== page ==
Things aren't going so well for Tommy Basilio. He lost his job because he "borrowed" money from the register, his girlfriend left him for his boss and is now pregnant, and he can't find work because of the incident. His life revolves around the Trees Lounge, a neighborhood bar over which he lives, full of the colorful eccentrics one finds in such places, like the estranged husband, or the old boozer drinking himself to death. He drunkenly wanders through his life, still in love with his ex, desperate for some sort of meaning beyond the bar, some sort of meaning to his life. Written by
Gary Dickerson <email@example.com>
Steve Buscemi has long been one of the premiere character actors in the business; his resume reads like a veritable Who's Who of interesting, complex characters who run the gamut from psycho hit-man to regular guy, all of whom he has brought vividly to life in film after film. And whether or not a particular project is a hit or a flop, Buscemi is always good, and can always be counted upon to add that extra something to any given film, as he has in `Trees Lounge,' an affecting drama he not only stars in, but with which he makes his debut as a writer/director-- and an impressive debut it is.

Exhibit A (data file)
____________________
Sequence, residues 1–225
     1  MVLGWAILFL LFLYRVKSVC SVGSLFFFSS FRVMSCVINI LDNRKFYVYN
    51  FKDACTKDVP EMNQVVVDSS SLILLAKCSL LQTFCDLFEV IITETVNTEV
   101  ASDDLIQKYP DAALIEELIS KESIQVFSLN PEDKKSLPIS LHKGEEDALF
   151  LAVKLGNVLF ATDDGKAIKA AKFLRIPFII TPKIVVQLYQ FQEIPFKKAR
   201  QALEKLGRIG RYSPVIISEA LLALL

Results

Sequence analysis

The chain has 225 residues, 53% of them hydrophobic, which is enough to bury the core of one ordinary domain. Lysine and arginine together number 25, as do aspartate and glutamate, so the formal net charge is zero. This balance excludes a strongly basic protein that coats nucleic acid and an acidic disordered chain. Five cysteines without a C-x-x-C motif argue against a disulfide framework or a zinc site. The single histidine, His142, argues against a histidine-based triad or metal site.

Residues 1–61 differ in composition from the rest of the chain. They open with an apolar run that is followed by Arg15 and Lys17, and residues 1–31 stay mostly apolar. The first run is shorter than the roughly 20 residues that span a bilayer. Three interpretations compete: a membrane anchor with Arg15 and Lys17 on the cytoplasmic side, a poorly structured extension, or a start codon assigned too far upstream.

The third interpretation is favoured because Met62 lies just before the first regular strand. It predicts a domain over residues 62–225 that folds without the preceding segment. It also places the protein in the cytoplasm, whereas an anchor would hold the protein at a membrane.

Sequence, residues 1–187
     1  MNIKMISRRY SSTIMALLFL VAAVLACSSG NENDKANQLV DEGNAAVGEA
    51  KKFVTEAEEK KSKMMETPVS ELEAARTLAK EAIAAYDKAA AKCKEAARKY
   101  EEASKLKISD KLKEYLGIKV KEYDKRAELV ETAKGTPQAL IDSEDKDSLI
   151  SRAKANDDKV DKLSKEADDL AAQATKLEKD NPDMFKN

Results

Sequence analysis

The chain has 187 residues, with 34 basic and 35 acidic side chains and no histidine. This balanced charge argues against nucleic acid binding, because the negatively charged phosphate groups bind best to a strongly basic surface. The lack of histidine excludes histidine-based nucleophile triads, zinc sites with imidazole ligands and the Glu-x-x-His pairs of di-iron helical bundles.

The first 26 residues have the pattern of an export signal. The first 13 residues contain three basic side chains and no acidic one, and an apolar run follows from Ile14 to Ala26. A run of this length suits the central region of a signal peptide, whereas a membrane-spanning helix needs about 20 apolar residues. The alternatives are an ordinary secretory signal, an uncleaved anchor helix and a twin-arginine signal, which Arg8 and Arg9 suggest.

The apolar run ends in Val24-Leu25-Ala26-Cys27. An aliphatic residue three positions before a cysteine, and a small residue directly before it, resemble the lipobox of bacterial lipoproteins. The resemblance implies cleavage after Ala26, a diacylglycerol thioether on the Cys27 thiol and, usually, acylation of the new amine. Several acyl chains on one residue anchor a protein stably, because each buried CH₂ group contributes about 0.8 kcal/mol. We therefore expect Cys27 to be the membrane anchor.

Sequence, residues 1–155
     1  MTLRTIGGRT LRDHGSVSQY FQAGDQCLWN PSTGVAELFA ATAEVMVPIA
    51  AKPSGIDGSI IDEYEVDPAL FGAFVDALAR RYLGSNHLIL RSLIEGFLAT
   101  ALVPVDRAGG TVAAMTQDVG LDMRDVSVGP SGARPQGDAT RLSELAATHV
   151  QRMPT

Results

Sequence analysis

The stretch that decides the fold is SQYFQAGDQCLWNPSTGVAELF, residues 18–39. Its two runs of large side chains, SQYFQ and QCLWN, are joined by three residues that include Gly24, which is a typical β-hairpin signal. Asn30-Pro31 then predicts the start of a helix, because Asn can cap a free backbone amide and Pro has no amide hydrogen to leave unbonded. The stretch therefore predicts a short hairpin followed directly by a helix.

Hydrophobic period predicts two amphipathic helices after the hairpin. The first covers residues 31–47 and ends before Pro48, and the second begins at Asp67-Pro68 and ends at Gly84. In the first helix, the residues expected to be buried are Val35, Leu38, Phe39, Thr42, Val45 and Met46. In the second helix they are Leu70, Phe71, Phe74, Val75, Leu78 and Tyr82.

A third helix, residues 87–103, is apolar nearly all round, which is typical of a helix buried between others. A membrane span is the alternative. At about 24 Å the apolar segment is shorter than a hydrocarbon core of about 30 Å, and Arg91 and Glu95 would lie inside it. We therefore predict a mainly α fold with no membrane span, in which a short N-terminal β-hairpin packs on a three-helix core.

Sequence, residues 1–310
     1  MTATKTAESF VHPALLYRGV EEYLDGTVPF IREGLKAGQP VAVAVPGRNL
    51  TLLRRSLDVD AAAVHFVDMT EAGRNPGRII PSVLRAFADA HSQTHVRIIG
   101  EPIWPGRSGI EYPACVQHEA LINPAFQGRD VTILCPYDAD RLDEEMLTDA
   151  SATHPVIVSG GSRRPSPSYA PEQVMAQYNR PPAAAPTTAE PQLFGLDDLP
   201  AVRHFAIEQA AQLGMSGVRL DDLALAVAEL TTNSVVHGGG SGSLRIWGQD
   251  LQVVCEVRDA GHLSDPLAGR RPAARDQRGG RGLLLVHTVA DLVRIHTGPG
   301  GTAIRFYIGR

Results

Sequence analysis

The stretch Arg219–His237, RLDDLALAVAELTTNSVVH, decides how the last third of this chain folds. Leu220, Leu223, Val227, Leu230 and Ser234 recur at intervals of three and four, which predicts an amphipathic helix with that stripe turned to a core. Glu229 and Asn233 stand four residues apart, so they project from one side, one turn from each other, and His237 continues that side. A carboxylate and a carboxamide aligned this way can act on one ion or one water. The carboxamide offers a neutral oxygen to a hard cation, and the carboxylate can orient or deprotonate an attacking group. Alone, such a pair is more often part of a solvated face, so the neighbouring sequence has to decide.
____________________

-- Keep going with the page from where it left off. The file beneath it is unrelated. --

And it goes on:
Tommy Basilio (Buscemi) is an out-of-work mechanic who lives alone above a bar called Trees Lounge in Long Island, N.Y. He's more than a bit down on his luck; not only did he lose his job, but his pregnant girlfriend of eight years, Theresa (Elizabeth Bracco) recently dumped him for his former boss, Rob (Anthony LaPaglia). He wants to pick himself up and get his life back together, but he doesn't seem to know where to start, and the garages to which he's applied for work aren't exactly knocking his door down to hire him. So he gravitates to the Trees, where he can at least interact with others who seem to be in situations not entirely unlike his own, though at different stages and for different reasons. But they all have one thing in common-- they're people just trying to get through the day; they're trying to get through life. If they can only figure it all out.